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Unity User Backup DB

If our Unity server Crashes we have a duplicate Compaq server waiting in the bullpen. We would load Unity ,and Exchange,BUT How can we restore UNITY database info after that? Will this work? <br><br>


Re: Unity User Backup DB

You have a few options here.

The one we recommend, of course, is a full tape backup (frequently) of the Unity server including the Exchange information. Using a quality backup product such as BackupExec (which we’ve now tested and qualified) or ArcServ that have explicit Exchange support will certainly be your best disaster recovery method.

Unity 2.4.5 (build 73 and later) does support a simple failover configuration where you install that second box as another Unity server into the same site as the main box and setup greeting replication between them. Subscribers and call handlers created on the primary box are replicated to the other box automatically (power of a true unified messaging architecture) and when the first box goes down, the second box is ready to go. Some items such as the routing rules, switch configuration information and a few other things don’t replicate (since they’re not stored in the Exchange directory) so those would need to be manually configured on the 2nd box.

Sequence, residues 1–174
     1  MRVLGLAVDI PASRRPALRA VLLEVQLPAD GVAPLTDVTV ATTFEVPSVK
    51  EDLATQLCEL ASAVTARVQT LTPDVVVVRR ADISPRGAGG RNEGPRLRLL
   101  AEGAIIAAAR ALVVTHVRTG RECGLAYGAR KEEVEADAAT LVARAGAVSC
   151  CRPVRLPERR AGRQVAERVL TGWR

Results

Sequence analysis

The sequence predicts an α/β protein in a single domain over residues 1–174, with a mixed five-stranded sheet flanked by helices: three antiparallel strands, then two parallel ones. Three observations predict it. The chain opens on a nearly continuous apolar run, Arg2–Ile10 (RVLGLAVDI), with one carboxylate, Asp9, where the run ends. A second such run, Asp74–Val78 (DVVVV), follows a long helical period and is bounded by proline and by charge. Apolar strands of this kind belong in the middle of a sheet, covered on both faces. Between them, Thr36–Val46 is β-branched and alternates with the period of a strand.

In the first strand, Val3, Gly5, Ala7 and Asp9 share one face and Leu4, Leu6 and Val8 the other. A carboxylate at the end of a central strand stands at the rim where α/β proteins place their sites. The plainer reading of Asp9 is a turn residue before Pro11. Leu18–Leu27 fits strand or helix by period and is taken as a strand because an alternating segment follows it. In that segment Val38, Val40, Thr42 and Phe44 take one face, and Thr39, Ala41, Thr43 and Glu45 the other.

As an aside, I’m nearing completion on a tool to backup all Unity information on any 2.3.4 or later server and allow it to be restored to a clean install of a Unity 2.4.0 or later server. This may be of interest to folks since it’ll make “forklift” upgrades and/or moving between a stand alone and a unified install and the like considerably easier than it is now. In short the entire contents of the Unity directory including voice names, greetings, all handlers, interviewers, COS objects, locations etc… get stuffed into a big Access database which can be carted around and used to restore onto another Unity server. I still have a lot of testing to do with it so it wont be on my web site for a few weeks yet.

Regardless, the tape backup method really should be your first choice for such things…

Jeff Lindborg
Unity Product Architect
Active Voice

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